Continuation Sail - Wrapping Up

Cambridge, 30th November 2001
The day dawns bright and calm. Yes, another corporate day in November. Despite the lack of breeze, we get sorted early in the morning, and set out. Not that much to report from the day; back to the big genoa out the front, we had the spinnaker out to play again, and we got to practice the man overboard drill. Given the wind conditions, the dan buoy was very clearly visible in dead flat water about 30m off the stern by the time we'd stopped the boat from its relentless charges across the Solent.

One interesting thing about the week as a whole was the difference between it and the induction sail earlier in the year. Since the crew had a much clearer idea of what to do there was more of a team identity - people were chatting more whilst getting on with what they knew how to do. I suppose there were fewer people there which helps, and there was certainly a lot more swearing and banter going on, mainly thanks to Cal! The weather helped in that respect as well, since everyone could relax a bit more.

We turned in mid afternoon and headed back into Ocean Village. We had to prepare the boat since she was being taken to Plymouth that night by the skipper of the other boat training and a few of the crew volunteers. It was suppose to be the next day, but they've moved it earlier due to the weather reports. Zoe had volunteered to go, and now wasn't that keen since she'd miss out on the food and drinks that night with the rest of the crew. Once back at the marina, the boat was tidied up, all kit off, sail locker completely emptied and repacked and everything given the once over. The other boat returned, with tales of an overnight trip to France; they had one more crew than us, and only a couple had been sick so they were able to push a bit harder. I think both crews envied the other a little. We were sleeping on their boat that night, so had to invade their territory to nab a bunk. With the boats sleeping 18 space wasn't a problem, although I have to admit being pleased that Richard One had managed to get one of the bow cabins - I was impressed each night as to the resonance that he managed.

Showered up back in the boat some of us are painfully slow at working out that some of the others are taking a really long time in the shower. We finally wise up, and join them in the pub - back in Los Marinos after a break of a good few months. This quick pre-dinner drink turns into three by the time we leave for food. Both crews are together; we're missing Zoe and they're missing three of theirs and their skipper and mate. We get stuck into the food and drink - pints all around, when Tony announces that it's his birthday in a couple of days time, so buys what must have been a dozen bottles of wine - a nice little drop of Chianti! It's a good chance to swap stories from this week - some of which (possibly involving armpit hair) would do better forgotten.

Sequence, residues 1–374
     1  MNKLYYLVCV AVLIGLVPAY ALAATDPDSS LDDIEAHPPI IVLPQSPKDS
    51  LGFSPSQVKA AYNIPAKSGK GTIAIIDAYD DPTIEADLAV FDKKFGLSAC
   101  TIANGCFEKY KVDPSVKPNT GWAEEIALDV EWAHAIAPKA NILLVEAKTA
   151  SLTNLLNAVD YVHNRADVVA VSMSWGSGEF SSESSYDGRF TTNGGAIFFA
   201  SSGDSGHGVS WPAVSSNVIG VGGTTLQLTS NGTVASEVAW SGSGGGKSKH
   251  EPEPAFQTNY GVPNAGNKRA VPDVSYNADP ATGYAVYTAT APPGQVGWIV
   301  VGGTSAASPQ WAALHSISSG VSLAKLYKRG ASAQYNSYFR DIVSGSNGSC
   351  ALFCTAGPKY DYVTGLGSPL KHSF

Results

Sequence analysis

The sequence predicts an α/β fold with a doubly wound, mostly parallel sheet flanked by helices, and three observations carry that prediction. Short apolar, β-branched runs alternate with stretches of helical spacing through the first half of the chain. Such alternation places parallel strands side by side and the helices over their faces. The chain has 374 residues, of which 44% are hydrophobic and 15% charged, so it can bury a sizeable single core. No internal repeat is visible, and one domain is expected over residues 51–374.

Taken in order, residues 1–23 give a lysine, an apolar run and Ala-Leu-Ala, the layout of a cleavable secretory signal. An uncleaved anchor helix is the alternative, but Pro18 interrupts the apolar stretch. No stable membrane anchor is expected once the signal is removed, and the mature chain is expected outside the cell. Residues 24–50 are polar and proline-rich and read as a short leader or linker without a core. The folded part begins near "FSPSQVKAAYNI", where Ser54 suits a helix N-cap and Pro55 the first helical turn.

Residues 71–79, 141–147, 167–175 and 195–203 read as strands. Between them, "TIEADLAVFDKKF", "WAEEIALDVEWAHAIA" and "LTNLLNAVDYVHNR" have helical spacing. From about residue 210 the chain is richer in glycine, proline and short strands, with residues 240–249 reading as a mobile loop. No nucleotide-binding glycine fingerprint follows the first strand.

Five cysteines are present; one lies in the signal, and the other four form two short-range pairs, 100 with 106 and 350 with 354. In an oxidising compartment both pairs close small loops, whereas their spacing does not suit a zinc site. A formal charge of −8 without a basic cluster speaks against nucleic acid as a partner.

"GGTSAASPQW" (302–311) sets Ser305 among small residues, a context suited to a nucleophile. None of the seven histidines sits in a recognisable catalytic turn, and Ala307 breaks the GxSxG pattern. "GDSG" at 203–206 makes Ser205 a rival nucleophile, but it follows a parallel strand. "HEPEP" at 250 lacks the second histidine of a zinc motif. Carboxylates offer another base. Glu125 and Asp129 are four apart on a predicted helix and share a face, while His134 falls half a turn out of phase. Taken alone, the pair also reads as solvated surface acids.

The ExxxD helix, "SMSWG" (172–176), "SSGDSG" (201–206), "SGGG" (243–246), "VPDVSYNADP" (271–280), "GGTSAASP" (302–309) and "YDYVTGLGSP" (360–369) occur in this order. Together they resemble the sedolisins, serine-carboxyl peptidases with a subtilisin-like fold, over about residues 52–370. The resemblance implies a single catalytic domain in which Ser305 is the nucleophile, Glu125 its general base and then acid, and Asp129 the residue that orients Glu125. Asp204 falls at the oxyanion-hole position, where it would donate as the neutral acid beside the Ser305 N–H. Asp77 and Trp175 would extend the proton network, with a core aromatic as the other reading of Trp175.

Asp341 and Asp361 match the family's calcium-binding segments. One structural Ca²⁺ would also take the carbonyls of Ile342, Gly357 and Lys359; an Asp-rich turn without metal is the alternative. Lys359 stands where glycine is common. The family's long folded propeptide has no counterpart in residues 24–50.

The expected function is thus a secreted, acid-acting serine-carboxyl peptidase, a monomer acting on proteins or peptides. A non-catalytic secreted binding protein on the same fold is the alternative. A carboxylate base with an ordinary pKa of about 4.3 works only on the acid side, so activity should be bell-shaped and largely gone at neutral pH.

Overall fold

After food is finished, with most people a little the worse for wear, we head to the Frog and Frigate pub nearby. Alex still remembers its reputation from his student days in Southampton... We arrive and get settled in, and after a while we realise that Richard One (the senior) is leading the way in terms of action; he quickly has a bevy of three girls clinging onto his every word. However we realise that the conversation might be professional when it turns out that they are three of the organisers of another boat racing company, Clipper. This end of the bar degenerates into dancing, with some particularly fine examples extracted from all the member of the crew by these three girls.

Finally 1am came and went, so we left the pub (after a few reminders), made the laughable attempt to get into New Yorks (which was a student night and stopped letting people in at 1am), then resorted to calling in for a cheeky kebab on the way home. Back home at about 2:30am, which didn't stop the generator going on at 7am the next morning as usual! Still, everyone (just about) was up at least in body for a greasy breakfast at 8am, although Alex wasn't eating that much. After that the boat had to be cleaned, sail locker repacked, etc. All that was left was a personal briefing from Cal, another innovation from the last training sail. I suppose most of what he said was fairly self-evident; in terms of fitness and theoretical understanding I've got no problems so far. My main challenge is the sickness at the minute; however I'm still confident that given consistently rough conditions I'll be fine after I'm acclimatised. Another point is making sure that I eat, and trying stugeron again - it seemed to work for me last time anyway. We also had a brief chat about where I might end up in my race crew, where I would fit into the team.

One other big point during the week that Cal stressed was the importance of getting in small boat work to develop awareness of what actually is going on. It's something that I'm going to try and fit in next year (when it's a bit warmer...) on top of everything else. So on balance it was a really good week in actually learning stuff; spinnakers, etc, but not so good in preparing us for race conditions. Still, you can't change the weather... I'll just have to book into another continuation sail at the start of next year and hope for storms. I never quite thought I'd be saying that!